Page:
For many good reasons, partnering with an outside agency makes all the sense in the world. The most obvious being your team is at or over capacity with current work and a project has come up with a deadline that you know you won’t be able to meet. Or, in trying to meet the deadline, you will be delivering less than your best effort. Another reason might be that you have a project that requires special knowledge or expertise that you don’t have within your in-house group.
When partnering, there are challenges you are inevitably going to face both internally and externally.
The first, and most obvious challenge, is budgetary. It costs money to partner with an outside agency, possibly a lot of money depending on whom you are talking to. Your management will likely want to know why they should pony up the additional funds. You want to think carefully how you answer that question, so you don’t cast aspersions on your own department. Of course, expectations will likely be higher for work from an outside agency. It needs to be good, and delivered in a way that is better than what your team would have been able to deliver, to justify the spending. And to justify your judgment.
Secondly, I’ve seen morale take a hit, because no matter how you couch the need to go outside, some of your staff will think it’s a vote of no-confidence, especially if it’s a large-budget project. The feeling that the internal team is suddenly the second string is a real likelihood. This sentiment only grows when managers are suddenly unavailable because of time spent with the outside agency. It is important to ensure that your internal team understands the need for the agency, and feels that their time, effort, and input are still valued.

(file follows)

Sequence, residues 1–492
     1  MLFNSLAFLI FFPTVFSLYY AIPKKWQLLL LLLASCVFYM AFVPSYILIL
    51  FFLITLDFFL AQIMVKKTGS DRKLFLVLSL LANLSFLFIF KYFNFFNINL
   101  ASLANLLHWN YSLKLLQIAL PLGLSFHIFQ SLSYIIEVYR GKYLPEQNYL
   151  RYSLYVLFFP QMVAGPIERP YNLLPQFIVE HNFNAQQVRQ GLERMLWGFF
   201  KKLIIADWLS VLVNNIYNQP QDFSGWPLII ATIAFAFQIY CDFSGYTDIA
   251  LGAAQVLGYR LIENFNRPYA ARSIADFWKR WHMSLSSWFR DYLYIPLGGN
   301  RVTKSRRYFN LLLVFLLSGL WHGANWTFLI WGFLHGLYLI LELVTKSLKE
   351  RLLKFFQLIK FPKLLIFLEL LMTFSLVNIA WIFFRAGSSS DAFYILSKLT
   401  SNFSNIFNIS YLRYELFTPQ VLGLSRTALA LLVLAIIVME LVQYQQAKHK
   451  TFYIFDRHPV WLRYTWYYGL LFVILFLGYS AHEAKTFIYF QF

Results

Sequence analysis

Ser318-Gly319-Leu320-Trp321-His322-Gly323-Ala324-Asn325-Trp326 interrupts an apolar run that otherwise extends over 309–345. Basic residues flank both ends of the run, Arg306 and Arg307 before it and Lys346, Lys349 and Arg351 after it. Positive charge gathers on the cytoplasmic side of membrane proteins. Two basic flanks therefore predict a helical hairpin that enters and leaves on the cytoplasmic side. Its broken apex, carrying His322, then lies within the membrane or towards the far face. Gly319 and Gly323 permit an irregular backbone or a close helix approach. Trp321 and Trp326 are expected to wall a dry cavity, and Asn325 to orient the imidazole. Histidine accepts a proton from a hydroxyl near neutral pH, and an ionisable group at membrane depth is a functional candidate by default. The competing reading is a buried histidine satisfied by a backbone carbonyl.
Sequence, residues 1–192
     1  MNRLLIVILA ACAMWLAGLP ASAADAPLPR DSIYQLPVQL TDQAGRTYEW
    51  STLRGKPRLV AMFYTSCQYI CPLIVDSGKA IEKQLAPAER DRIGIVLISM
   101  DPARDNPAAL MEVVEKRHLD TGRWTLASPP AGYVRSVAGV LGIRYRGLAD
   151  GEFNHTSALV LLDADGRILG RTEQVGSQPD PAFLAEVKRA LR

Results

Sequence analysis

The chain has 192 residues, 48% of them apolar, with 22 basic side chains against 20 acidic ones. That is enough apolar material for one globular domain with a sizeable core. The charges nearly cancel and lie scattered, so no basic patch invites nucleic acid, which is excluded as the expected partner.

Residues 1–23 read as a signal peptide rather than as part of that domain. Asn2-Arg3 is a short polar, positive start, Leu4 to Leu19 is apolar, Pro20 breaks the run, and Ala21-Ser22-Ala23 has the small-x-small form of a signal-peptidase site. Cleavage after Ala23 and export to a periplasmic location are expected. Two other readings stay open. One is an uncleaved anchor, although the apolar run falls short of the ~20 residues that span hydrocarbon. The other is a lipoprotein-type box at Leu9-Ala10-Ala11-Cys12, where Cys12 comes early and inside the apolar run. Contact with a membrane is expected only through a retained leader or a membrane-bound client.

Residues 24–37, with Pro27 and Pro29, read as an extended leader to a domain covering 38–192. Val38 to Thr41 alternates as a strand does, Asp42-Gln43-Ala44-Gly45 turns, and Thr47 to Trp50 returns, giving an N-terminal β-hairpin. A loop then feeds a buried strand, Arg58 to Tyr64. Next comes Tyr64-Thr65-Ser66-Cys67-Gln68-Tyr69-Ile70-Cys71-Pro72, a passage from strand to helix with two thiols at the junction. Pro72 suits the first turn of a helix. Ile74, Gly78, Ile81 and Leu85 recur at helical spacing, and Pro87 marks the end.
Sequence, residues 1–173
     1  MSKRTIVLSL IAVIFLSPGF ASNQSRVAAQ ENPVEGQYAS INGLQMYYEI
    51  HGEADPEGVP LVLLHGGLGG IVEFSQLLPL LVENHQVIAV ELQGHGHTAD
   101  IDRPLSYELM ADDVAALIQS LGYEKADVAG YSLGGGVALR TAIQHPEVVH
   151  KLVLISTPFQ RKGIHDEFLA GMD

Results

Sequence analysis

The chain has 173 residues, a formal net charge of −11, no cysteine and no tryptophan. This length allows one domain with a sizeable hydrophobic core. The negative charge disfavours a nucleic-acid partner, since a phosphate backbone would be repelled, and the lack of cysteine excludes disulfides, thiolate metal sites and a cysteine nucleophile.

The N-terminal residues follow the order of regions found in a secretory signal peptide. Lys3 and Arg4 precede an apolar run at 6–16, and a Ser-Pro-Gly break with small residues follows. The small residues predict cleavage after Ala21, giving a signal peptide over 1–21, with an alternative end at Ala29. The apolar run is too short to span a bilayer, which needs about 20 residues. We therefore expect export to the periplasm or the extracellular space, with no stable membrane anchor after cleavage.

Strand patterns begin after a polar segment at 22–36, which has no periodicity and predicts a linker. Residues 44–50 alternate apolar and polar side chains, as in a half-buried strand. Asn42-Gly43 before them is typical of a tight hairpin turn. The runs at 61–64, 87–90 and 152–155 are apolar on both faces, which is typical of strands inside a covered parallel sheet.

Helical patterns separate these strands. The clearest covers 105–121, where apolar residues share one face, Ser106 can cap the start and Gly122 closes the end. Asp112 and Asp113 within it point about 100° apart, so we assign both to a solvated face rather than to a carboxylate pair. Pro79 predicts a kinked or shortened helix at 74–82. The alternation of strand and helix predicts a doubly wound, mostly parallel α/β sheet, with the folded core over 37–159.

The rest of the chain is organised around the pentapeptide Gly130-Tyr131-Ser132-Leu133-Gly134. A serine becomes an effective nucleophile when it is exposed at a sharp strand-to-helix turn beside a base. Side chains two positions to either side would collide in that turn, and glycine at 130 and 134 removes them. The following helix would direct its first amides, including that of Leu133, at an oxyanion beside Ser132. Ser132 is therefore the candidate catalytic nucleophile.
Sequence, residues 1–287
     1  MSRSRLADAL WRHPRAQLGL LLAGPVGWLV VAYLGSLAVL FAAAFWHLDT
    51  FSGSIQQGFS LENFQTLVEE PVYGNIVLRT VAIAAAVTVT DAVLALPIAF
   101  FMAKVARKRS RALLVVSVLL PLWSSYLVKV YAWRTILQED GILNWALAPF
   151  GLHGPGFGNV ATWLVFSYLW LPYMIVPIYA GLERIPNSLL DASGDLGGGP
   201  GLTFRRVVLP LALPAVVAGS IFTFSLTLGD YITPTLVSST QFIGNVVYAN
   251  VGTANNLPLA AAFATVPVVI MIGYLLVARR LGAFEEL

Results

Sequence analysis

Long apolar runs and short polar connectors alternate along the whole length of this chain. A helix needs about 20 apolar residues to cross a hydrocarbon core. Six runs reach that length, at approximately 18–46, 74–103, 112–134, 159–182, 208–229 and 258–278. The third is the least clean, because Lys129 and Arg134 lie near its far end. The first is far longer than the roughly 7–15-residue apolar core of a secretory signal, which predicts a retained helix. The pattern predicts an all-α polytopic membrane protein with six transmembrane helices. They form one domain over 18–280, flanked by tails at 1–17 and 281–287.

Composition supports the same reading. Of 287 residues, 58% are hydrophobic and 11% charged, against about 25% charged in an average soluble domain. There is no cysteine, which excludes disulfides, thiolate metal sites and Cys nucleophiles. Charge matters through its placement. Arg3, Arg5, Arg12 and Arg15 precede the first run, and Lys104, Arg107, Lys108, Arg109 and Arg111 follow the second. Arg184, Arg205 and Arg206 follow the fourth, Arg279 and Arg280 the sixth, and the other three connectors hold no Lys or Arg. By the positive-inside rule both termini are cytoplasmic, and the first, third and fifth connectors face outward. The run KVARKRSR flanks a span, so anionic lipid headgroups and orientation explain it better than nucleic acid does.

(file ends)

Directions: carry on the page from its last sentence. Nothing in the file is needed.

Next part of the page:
Control, or lack thereof, is the first challenge when dealing with an agency. These aren’t your people and you aren’t going to be able to manage day-to-day activity. One thing I insist on knowing before I sign anyone up is knowing who the team is that will be working on my project. Agencies are famous for having the big shots and/or hotshots in the initial meeting, and then assigning the project, depending on its size and creative potential, to more junior people.
Further, these are people who likely work on many other brands and will be only somewhat familiar with what your brand personality and mandatories are. That makes a good brief with appropriate support materials especially critical. Having concrete budgetary restrictions and a rock-solid deliverables timeline are immensely important items within a brief. But, be smart about what and how much you share. No one likes a “data dump.” From experience, I can tell you volumes of background materials are seldom read thoroughly, so be judicious and only share what you need to.
In summary, you need to manage the internal situation just as carefully as you manage your outside agency. It certainly can be a win-win, but it’s not an automatic by any stretch.
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